Investigators exhumed three bodies. But the acidic nature of the soil had completely dissolved two of the skeletons. They only discovered a small fragment of poorly preserved bone and three teeth in the grave of the “Unknown Child.”

The DNA analyses focused on the mitochondrial DNA (mtDNA) genome. Both males and females inherit their mtDNA only from their mother (passed on mother to child). Hence, mtDNA remains unchanged through the maternal line.

mtDNA regions
Regions of mtDNA amenable to DNA analysis

MtDNA is also useful for the analysis of degraded remains, because it is present in a much higher amount than nuclear DNA. Three regions of mtDNA can be analyzed when tracing ancestry – to hyper variable regions, HVR1 and HVR2, and the coding region.

The initial analysis focused on just the HVR1 region. The mtDNA HVR1 profile from the bone fragment differed from the mtDNA profile generated from a maternal relative of Gösta Pålsson. This ruled out that Gösta Pålsson was the “Unknown Child.”

The researchers then tracked down and collected DNA samples from maternal relatives of the other five young children lost from the Titanic. The mtDNA profiles from female relatives of two of the missing children matched the profile from the bone and teeth fragments.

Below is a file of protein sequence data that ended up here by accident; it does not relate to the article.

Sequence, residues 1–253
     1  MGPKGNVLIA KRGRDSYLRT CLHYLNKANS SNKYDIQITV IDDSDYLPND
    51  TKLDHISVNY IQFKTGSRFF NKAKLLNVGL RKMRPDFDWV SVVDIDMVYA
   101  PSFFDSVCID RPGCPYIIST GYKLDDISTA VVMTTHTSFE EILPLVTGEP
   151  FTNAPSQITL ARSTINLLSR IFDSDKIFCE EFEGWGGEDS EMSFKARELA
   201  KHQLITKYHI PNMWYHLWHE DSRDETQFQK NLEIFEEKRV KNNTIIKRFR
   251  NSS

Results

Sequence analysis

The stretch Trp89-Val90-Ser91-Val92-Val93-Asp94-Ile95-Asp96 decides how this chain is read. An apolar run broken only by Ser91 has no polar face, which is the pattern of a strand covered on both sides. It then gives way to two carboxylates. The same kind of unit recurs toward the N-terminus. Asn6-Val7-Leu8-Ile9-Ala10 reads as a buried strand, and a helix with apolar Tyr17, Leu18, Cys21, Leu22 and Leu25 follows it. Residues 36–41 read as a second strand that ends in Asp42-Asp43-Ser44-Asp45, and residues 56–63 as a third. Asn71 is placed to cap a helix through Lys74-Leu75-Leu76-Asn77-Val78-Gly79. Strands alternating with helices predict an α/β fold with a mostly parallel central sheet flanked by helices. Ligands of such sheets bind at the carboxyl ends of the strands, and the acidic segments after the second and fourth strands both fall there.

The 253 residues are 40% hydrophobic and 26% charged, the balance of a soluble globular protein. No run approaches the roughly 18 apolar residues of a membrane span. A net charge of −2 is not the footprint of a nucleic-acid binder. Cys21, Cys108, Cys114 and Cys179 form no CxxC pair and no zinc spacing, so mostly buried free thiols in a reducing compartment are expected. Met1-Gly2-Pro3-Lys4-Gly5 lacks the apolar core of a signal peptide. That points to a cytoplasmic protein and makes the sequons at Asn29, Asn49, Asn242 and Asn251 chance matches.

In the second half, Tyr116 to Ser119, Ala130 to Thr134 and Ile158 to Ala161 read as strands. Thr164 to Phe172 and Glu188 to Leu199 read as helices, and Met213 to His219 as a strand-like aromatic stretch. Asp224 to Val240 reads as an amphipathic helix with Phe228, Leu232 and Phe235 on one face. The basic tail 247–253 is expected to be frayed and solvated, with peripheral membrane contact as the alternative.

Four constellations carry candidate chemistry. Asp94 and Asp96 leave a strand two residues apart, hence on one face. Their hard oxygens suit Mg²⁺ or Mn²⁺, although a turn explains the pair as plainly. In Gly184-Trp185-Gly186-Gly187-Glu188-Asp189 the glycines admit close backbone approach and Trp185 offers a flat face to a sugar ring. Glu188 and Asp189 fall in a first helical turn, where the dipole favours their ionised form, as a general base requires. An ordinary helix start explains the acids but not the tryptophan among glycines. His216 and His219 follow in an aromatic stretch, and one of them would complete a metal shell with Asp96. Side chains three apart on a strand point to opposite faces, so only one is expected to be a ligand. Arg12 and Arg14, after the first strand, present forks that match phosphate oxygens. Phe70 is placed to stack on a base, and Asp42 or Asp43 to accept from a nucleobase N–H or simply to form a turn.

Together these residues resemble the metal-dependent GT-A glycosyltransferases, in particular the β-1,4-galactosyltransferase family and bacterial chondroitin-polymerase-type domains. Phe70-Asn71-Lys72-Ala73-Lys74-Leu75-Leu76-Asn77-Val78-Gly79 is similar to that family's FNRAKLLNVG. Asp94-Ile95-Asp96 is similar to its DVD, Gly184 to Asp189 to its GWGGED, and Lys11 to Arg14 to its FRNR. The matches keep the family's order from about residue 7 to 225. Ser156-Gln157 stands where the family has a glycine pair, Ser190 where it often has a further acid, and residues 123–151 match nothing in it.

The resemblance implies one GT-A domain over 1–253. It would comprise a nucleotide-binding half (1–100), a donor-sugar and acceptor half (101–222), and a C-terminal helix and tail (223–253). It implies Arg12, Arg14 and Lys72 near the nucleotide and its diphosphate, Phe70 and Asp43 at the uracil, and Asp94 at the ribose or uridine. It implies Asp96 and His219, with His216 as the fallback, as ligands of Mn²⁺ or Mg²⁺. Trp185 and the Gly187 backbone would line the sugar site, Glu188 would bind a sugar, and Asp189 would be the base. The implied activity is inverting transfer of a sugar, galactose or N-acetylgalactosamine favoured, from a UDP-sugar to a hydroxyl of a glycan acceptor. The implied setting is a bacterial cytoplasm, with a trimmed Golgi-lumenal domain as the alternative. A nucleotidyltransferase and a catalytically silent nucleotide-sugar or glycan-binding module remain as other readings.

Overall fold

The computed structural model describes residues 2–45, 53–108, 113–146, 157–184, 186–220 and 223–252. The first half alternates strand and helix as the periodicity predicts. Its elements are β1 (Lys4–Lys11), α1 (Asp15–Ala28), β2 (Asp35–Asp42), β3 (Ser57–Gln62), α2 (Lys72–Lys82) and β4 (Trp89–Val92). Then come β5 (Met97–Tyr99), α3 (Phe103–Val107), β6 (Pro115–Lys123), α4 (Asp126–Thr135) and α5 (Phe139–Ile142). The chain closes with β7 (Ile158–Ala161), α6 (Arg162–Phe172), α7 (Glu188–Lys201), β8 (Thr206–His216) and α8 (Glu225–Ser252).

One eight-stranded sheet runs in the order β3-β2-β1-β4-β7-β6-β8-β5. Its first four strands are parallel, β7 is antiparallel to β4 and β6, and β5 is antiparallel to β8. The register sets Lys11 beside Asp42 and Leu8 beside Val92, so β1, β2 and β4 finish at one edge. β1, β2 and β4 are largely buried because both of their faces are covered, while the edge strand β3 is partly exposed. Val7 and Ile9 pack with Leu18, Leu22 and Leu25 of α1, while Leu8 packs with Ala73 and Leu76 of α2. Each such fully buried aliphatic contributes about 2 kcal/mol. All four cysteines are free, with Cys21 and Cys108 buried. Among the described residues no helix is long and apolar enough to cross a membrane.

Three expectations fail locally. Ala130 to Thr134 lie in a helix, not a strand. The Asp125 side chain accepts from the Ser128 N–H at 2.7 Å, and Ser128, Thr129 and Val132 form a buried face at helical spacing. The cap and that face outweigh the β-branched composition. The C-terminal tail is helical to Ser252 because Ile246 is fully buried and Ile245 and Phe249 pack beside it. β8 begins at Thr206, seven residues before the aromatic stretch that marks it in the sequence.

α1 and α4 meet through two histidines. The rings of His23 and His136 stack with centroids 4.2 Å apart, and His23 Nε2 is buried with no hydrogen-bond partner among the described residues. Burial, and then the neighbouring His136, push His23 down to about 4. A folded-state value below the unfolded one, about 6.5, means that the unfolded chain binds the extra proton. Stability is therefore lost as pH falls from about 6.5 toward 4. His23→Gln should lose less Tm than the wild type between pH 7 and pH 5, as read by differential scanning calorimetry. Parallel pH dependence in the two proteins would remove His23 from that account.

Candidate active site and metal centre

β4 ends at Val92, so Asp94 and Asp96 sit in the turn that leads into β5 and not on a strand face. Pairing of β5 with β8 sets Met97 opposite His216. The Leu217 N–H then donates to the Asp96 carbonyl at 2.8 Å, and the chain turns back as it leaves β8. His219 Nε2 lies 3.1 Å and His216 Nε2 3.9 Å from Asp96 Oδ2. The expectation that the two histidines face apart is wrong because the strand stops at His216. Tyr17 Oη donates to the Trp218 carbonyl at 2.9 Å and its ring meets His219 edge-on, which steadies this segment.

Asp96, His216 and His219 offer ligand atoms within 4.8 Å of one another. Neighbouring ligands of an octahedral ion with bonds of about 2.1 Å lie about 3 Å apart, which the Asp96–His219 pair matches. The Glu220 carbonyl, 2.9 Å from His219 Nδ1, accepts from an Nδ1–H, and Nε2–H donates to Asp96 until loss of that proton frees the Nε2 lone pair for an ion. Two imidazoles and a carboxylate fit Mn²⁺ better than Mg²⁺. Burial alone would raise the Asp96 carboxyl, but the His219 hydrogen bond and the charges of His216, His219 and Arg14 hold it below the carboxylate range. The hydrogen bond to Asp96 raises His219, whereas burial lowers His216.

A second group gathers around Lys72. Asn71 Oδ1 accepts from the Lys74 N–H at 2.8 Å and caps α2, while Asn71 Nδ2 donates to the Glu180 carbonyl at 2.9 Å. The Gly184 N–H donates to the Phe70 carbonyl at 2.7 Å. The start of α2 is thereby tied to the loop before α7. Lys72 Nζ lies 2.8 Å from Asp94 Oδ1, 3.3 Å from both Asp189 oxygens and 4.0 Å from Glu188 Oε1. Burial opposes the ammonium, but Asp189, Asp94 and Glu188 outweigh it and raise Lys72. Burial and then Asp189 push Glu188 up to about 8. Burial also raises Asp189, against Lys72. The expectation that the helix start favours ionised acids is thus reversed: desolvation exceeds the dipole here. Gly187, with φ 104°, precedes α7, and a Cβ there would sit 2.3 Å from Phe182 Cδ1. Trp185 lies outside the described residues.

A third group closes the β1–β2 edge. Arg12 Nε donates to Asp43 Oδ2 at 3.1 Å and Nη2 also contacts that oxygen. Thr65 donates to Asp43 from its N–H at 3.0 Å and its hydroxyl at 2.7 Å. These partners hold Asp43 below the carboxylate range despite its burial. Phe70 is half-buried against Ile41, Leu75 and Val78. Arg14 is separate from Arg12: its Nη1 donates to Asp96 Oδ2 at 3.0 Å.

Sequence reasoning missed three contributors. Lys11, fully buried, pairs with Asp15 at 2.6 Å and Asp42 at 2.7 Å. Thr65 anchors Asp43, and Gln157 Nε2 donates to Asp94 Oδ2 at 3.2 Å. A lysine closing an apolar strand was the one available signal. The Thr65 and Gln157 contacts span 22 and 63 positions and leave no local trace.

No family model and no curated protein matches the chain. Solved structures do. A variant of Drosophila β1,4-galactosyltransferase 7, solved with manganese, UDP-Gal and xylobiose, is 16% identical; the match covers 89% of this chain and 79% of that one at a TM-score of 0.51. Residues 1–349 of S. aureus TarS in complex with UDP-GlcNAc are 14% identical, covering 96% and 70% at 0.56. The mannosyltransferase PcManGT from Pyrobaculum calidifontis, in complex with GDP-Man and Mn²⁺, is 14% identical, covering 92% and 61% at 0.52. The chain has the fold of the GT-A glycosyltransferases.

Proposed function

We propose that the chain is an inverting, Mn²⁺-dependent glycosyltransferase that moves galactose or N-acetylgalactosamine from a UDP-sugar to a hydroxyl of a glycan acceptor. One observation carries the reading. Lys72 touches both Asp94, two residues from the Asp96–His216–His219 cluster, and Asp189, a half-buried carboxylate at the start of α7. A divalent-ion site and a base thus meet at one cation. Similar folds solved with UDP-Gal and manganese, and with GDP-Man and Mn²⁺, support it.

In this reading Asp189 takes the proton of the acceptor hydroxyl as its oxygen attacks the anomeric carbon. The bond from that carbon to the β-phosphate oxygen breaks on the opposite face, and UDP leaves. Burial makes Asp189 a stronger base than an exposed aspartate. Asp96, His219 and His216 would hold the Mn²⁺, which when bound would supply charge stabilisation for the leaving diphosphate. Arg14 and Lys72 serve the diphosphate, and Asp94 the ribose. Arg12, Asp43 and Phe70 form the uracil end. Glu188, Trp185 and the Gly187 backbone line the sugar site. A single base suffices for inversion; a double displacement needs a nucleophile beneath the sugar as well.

They were Sidney Leslie Goodwin (19 months of age) and Eino Viljam Panula (13 months). Based on the early stage of dental development in the teeth remains, the “Unknown Child” was identified as Eino Panula.

Reinvestigating the identity of the “Unknown Child”

Shoes of the “Unknown child” at the Maritime Museum of the Atlantic

However, the original genetic analyses didn’t rule out the possibility that Sidney Goodwin was the “Unknown Child.” It was also noted that the shoes of the  “Unknown Child” (kept in a museum with other Titanic artifacts) appeared much too large for a 13-month-old boy (Eino Panula), and could have instead belonged to 19-month-old Sidney Goodwin.